Posted on May 21, 2019 by Greg MacKinnon
WINSTED – State Representative Jay Case (R-Winsted) and State Senator Craig Miner (R-Litchfield) invited officials from the Department of Energy and Environmental Protection (DEEP) to meet with residents and local leaders regarding the overall water quality and drainage issues at Highland Lake. A drainage pipe near the dam, which was recently completed, effectively collapsed and is no longer functional.
According to life-long residents of the lake and local officials, there is growing unease among the community that sediment is making its way into the lake at large volumes, which could harm the lake’s ecosystem.
“Both Sen. Miner and I are getting a lot of calls and e-mails about the quality of water on the lake, as a result of the drainage issues. While there is not an immediate threat to the aquatic populations and recreational usage of the lake, many residents are concerned with what can happen if this goes unaddressed,” Rep. Case explained. “I wanted to provide an opportunity for our local leaders and lake residents to express their concerns to DEEP and for the department to provide us with an overall update on what they are doing to preserve the lake’s water quality.”
According to DEEP officials, high volumes of water placed immense pressure on the materials used in the drainage pipe causing it to burst. Consequently, there is greater concern about the overall pressure being placed on the dam itself and other drainage infrastructure components within it.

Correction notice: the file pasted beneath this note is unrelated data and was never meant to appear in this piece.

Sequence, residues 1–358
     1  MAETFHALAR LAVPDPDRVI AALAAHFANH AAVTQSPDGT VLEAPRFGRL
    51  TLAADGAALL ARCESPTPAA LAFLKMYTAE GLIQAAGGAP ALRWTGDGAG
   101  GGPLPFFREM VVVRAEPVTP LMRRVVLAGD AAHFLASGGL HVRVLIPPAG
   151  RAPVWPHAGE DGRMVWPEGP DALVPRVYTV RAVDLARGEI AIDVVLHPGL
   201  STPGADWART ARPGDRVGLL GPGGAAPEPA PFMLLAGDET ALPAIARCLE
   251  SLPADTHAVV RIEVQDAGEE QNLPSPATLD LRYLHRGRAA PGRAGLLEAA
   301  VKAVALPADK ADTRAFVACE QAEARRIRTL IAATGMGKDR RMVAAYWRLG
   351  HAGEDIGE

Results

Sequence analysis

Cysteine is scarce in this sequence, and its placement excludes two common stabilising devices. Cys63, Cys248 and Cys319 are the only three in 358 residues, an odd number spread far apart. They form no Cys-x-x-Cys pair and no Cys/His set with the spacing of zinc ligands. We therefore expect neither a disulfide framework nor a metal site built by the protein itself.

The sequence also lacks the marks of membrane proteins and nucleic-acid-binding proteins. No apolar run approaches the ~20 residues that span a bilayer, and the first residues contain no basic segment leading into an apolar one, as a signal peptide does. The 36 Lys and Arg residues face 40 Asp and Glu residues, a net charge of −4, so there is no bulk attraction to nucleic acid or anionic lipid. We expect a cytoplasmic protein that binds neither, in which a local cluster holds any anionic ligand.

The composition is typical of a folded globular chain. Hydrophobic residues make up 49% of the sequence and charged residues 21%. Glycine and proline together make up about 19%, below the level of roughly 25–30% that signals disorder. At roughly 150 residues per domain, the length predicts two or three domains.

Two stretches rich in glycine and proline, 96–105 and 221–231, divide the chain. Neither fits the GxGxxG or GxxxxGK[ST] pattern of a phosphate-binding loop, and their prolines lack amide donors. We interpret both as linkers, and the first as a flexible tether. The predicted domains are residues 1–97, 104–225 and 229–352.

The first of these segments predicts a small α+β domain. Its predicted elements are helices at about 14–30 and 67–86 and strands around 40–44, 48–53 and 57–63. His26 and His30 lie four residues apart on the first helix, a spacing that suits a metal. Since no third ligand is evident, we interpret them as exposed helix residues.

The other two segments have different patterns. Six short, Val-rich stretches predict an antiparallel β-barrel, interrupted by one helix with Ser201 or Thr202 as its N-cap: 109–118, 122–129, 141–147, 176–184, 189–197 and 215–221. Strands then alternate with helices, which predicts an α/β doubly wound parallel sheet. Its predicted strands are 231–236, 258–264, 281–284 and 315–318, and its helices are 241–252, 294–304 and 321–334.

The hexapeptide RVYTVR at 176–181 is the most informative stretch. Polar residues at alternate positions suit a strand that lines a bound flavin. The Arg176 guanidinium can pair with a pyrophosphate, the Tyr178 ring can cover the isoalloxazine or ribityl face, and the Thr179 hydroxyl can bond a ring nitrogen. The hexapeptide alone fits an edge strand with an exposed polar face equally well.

“I’d like to thank DEEP for taking the time to come out and meet with people who have been affected by the unresolved failure of a water collection system which fed into Highland Lake,” said Sen. Miner. “We learned today that repairing this system, which is under DEEP’s control, is the agency’s highest priority. I stand with residents and environmentalists requesting that Governor Lamont fund this project at the next bond commission meeting.”
DEEP explained the process for correcting the failed drainage pipe. Department officials placed an emphasis on making a full replacement as soon as possible, in consultation with the Army Corps of Engineers, and will proceed to monitor water quality levels. If additional remedies are needed, then DEEP will help identify them and create solutions.
It was also noted that there is evidence of frequent recreational use of the lowlands near the drainage estuaries. The habitual usage of dirt bikes and ATVs, both of which are prohibited in those areas, add to the complications of sediment draining into the lake.
Highland Lake is home to roughly 500 residents and is located in Winsted.